In accordance with her usual custom on this day, sacred to the rites of the wash-tub and the pounding barrel, Mrs. Phelps with three attendants, namely, a maid-servant, a little flaxen-haired alms-house boy about ten years of age, named Caleb Pond who then, as in after life, manifested that prudence,


keenness, artifice, and tact, which were the basis of his success in whatever work he engaged and her son John, had repaired to a little arbor near the fording of Mill brook, for the purpose of "doing up the weekly washing." She had hardly got well into the suds when her attention was attracted by the tramp of feet, and looking up from her work she saw, splashing into the ford-way, more than forty armed men, (for the party had been doubled since it entered Marlborough) all, mounted, with swords glittering in the sunlight, piloted and conducted as she noticed with sorrow and surprise by her old friend and neighbor Colonel Williams. As soon as they had reached the spot where she was stationed, with the spirit of a noble woman whose privacy had been invaded, and with an air as undaunted as that of a hero, she stepped forward and said: "Colonel Williams, you grieve and amaze me. I had not expected such meanness and treachery from a friend like you." With these words, and without waiting to hear the apology which Williams was striving to stammer out, she took her son by the hand, and having ordered her maid to run on, proceeded with quickened step towards her residence a quarter of a mile distant. Meantime the attentive little flaxen-haired youth, having, as if by instinct, snuffed the object of this warlike movement, betook himself off with greyhound speed, in the same direction, but by another route. Favored by the cover of a grove of poplars, he succeeded in reaching the house without attracting attention, and warned his master of the danger which threatened. No second intimation was needed, and in a few minutes Phelps had gained a place of concealment, as satisfactory to himself as it was difficult of detection by his pursuers.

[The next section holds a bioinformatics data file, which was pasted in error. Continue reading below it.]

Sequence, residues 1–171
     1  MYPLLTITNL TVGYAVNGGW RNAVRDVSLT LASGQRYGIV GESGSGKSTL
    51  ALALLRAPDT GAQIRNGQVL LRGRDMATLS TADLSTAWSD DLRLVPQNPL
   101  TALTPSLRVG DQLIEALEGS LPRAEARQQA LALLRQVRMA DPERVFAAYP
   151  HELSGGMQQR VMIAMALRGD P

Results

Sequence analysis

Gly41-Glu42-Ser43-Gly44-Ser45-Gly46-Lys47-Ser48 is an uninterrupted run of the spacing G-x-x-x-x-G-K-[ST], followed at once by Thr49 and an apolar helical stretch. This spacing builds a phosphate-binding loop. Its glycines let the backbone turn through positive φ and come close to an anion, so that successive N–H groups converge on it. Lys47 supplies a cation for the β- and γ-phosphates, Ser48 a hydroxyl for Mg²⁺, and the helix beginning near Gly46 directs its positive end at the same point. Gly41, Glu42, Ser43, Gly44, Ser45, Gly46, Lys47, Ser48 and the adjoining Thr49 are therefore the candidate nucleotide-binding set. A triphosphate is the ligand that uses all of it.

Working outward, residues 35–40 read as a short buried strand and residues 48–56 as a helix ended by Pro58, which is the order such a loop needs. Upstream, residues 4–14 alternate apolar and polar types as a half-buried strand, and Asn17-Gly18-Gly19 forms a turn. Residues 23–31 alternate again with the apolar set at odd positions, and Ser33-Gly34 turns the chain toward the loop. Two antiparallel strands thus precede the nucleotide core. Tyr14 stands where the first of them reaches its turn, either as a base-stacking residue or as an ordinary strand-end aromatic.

Crestfallen and ashamed, Williams had disappeared by some obscure pathway, leaving Allen and his company to act as their own guides. Arriving at their destination, the gallant horsemen wheeled in great military display, and having ridden around the house two or three times, dismounted, forced the door, and went in. Mrs. Phelps, who with her son had approached by a shorter route, entered her dwelling a few moments later, to find it filled by the soldiers whom she had encountered at the brook. "Cowardly miscreants!" she exclaimed, as she glared upon them with a look of scornful contempt. A volley of angry eloquence followed this fierce beginning, and the downcast looks and uneasy movements of the party showed but too plainly how poorly they were prepared to bear



the taunts of a justly enraged woman. Many of them were gentlemen of true spirit, yet on this novel occasion, generous and gallant though they might be, they were perplexed to know how to act. Wishing to end their unpleasant task as speedily as possible, they desired Mrs. Phelps to conduct them to her husband. Her reply was a refusal to gratify their wishes, and a defiance of their power. Enraged at their persistence in searching and inquiring for Mr. Phelps, his loyal wife endeavored to drive them from the house. Armed with a large kitchen fire-shovel, she warned them to leave, in a firm though stormy and indignant manner. With her little boy at her apron strings, she pursued her unwelcome visitors not only with fierce looks, but with quickened steps and threatening gestures. At one time one might have seen them dodging into a corner, as if to escape an impending blow at another, endeavoring to provoke a laugh by some affected attempt at wit. But such a scene could not long continue. Her opponents were men whose lessons in the school of humanity had not tended to make them proficients in the employment in which they were now engaged, or taught them to make war on a defenceless woman, or ruthlessly break the door of her private chamber. The affair had by degrees assumed a farcical aspect. A smile was seen on this face and a smile on that. Pleasant expressions of countenance multiplied in all directions. A laugh followed a general laugh, in which not only the brave soldiers, but the heroic woman and her little boy all joined. Good feeling was restored, and then the party were told by Mrs. Phelps in a solemn manner, that her husband was not in the house. Satisfied with this statement, which was true, they apologized for the conduct which they had been obliged to exhibit, and departed with words of courtesy and respect.